Art History: A Very Short Introduction

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OUP Oxford, Jan 22, 2004 - Art - 144 pages
This clear and concise new introduction examines all the major debates and issues using a wide range of well-known examples. It discusses the challenge of using verbal and written language to analyse a visual form. Dana Arnold also examines the many different ways of writing about art, and the changing boundaries of the subject of art history. Topics covered include the canon of Art History, the role of the gallery, 'blockbuster' exhibitions, the emergence of social histories of art (Feminist Art History or Queer Art History, for example), the impact of photography, and the development of Art History using artefacts such as the altarpiece, the portrait, or pornography, to explore social and cultural issues such as consumption, taste, religion, and politics. Importantly, this book explains how the traditional emphasis on periods and styles originates in western art production and can obscure other critical approaches, as well as art from non western cultures. ABOUT THE SERIES: The Very Short Introductions series from Oxford University Press contains hundreds of titles in almost every subject area. These pocket-sized books are the perfect way to get ahead in a new subject quickly. Our expert authors combine facts, analysis, perspective, new ideas, and enthusiasm to make interesting and challenging topics highly readable.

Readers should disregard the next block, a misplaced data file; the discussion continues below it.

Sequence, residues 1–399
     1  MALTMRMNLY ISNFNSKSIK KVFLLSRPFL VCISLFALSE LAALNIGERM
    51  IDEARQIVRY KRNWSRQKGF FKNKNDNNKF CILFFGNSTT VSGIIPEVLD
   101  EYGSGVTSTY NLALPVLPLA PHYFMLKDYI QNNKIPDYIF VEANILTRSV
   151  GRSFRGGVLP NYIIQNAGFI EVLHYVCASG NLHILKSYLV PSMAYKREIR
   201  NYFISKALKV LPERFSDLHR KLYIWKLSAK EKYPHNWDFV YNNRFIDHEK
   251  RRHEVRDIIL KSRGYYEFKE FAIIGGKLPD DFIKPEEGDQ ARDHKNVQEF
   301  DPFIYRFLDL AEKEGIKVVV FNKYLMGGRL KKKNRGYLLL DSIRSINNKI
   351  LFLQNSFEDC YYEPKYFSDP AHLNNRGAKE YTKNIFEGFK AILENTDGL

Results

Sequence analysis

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User Review  - stillatim - LibraryThing

Caveat emptor: this is about the discipline of art history, not about the history of art. That said, it's a very nice piece about that discipline. It briefly tells you what art historians have done ... Read full review

Contents

Acknowledgements
Preface
List of illustrations
Chapter 1What is art history?
Chapter 2Writing art history
Chapter 3Presenting art history
Chapter 4Thinking about art history
Chapter 5Reading art
Chapter 6Looking at art
References
Further information
Glossary
Index
Copyright

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About the author (2004)

Dana Arnold, Professor of Art History, University of East Anglia.

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